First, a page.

Books I’ve Been Reading Recently, Part 2

13 12 2011
I recently visited the Southdale Library that I hadn’t visited in a long time. I moved away and haven’t been to the library (which is much larger than the one in my new town) in about seven months. I eagerly devoured the selection and returned with 48(!) books. I thought I would list some of the books I have read from the pile so far, along with brief descriptions of each book and the cover. All descriptions come from http://www.goodreads.com/ or the back of the novels.
What the Moon Saw
Laura Resau, Delacorte Press 2006
Clara Luna’s name means “clear moon” in Spanish. But lately, her head
has felt anything but clear. One day a letter comes from Mexico, written in Spanish: Dear Clara, We invite you to our house for the summer. We will wait for you on the day of the full moon, in June, at the Oaxaca airport. Love, your grandparents.

Fourteen-year-old Clara has never met her father’s parents. She knows he snuck over the border from Mexico as a teenager, but beyond that, she knows almost nothing about his childhood. When she agrees to go, she’s stunned by her grandparents’ life: they live in simple shacks in the mountains of southern Mexico, where most people speak not only Spanish, but an indigenous language, Mixteco.

The village of Yucuyoo holds other surprises, too– like the spirit waterfall, which is heard but never seen. And Pedro, an intriguing young goatherder who wants to help Clara find the waterfall. Hearing her grandmother’s adventurous tales of growing up as a healer awakens Clara to the magic in Yucuyoo, and in her own soul. What The Moon Saw is an enchanting story of discovering your true self in the most unexpected place.

The Queen of Water
Laura Resau, Delacorte Press 2011
Born in an Andean village in Ecuador, Virginia lives with her large family in a small, earthen-walled dwelling. In her village of indígenas, it is not uncommon to work in the fields all day, even as a child, or to be called a longa tonta—stupid Indian—by members of the ruling class of mestizos, or Spanish descendants. When seven-year-old Virginia is taken from her village to be a servant to a mestizo couple, she has no idea what the future holds.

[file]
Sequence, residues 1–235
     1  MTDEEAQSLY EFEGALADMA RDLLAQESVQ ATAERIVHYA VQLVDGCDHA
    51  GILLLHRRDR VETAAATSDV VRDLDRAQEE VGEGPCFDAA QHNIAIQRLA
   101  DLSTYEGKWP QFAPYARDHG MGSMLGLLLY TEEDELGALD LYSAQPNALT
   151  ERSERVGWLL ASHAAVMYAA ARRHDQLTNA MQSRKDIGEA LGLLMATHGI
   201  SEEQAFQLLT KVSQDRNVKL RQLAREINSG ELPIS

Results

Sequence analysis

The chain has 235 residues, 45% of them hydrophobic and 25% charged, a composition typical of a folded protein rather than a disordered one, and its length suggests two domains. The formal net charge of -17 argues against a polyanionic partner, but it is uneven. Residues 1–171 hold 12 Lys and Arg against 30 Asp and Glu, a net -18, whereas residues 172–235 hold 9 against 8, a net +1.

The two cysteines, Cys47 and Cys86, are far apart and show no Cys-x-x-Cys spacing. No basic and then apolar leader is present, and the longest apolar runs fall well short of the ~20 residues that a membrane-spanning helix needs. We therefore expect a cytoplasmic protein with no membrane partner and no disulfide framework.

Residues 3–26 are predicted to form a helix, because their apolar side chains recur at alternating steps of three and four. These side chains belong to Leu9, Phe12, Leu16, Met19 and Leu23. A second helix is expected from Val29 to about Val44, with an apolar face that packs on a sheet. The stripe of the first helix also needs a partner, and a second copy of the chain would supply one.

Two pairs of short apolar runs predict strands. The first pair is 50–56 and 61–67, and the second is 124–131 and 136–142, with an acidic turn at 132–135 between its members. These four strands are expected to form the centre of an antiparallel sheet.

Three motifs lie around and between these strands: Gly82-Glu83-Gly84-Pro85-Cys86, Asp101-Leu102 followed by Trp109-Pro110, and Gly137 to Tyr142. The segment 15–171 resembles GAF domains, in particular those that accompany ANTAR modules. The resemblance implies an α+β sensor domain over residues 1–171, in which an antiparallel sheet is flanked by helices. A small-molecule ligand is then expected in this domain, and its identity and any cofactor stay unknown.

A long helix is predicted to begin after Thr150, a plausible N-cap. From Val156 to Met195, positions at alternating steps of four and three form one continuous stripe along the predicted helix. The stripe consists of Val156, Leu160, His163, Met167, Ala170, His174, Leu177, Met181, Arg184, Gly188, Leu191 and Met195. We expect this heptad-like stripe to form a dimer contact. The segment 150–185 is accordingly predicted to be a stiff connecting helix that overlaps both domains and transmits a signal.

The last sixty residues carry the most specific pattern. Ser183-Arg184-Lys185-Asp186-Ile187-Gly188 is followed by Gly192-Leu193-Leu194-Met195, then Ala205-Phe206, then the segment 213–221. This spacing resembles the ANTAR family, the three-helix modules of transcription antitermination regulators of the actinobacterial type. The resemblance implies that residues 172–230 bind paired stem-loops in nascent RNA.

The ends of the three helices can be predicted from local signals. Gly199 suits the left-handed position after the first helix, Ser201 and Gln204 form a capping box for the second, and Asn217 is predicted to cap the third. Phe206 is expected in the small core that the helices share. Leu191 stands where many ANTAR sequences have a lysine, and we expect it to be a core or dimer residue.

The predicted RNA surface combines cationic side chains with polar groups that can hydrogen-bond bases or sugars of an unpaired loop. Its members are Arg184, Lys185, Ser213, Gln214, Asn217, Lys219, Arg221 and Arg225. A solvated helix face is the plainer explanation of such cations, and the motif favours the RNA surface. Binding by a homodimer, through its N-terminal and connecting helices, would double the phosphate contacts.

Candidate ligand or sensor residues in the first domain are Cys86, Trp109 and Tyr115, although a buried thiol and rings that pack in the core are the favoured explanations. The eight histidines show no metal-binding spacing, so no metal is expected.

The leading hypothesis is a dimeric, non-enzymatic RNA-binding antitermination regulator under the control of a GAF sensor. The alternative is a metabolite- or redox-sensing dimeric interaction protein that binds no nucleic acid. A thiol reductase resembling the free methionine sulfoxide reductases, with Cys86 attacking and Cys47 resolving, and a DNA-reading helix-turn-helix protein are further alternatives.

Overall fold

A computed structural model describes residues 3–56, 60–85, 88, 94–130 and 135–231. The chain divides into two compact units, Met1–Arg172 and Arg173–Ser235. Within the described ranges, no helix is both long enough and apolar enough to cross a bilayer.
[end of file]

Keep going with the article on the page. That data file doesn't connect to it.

In this poignant novel based on a true story, acclaimed author Laura Resau has collaborated with María Virginia Farinango to recount one girl’s unforgettable journey to self-discovery. Virginia’s story will speak to anyone who has ever struggled to find his or her place in the world. It will make you laugh and cry, and ultimately, it will fill you with hope.
Teenie
Christopher Grant, Knopf Books for Young Readers, 2010
High school freshman Martine (Teenie for short) is a good student, with a bright future ahead of her. She’s desperate to be accepted into a prestigious study abroad program in Spain so that she can see what life is like beyond the streets of Brooklyn. She wouldn’t mind escaping from her strict (though lovable) parents for awhile either. But when the captain of the basketball team starts to pay attention to her after she’s pined away for him for months and Cherise, her best friend, meets a guy online, Teenie’s mind is on anything but her schoolwork. Teenie’s longtime crush isn’t what he seemed to be, nor is her best friend’s online love. Can Teenie get her act together in time to save her friendship with Cherise, save her grade point average so that she can study in Spain, and save herself from a potentially dangerous relationship?

Christopher Grant makes a stunning literary debut with this warmly told story about friends, family, and finding oneself.

                                                 So Shelly
Ty Roth, Delacorte Press, 2011
Until now, high school junior, John Keats, has only tiptoed near the edges of the vortex that is schoolmate and literary prodigy, Gordon Byron. That is, until their mutual friend, Shelly, drowns in a sailing accident.

After stealing Shelly’s ashes from her wake at Trinity Catholic High School, the boys set a course for the small Lake Erie island where Shelly’s body had washed ashore and to where she wished to be returned. It would be one last “so Shelly” romantic quest. At least that’s what they think. As they navigate around the obstacles and resist temptations during their odyssey, Keats and Gordon glue together the shattered pieces of Shelly’s and their own pasts while attempting to make sense of her tragic and premature end.

I Know It’s Over
C.K Kelly Martin, Random House Books for Young Readers, 2008
PURE. UNPLANNED. PERFECT. Those were Nick’s summer plans before Sasha stepped into the picture. With the collateral damage from his parents’ divorce still settling and Dani (his girl of the moment) up for nearly anything, complications are the last thing he needs. All that changes, though, when Nick runs into Sasha at the beach in July. Suddenly he’s neck-deep in a relationship and surprised to find he doesn’t mind in the least. But Nick’s world shifts again when Sasha breaks up with him. Then, weeks later, while Nick’s still reeling from the breakup, she turns up at his doorstep and tells him she’s pregnant. Nick finds himself struggling once more to understand the girl he can’t stop caring for, the girl who insists that it’s still over.
I’m still keeping away busily at my stack. All of the above titles are from Random House Books for Young Readers, with Knopf and Delacorte being imprints of the division. I will post reviews for the titles as soon as I can.
 

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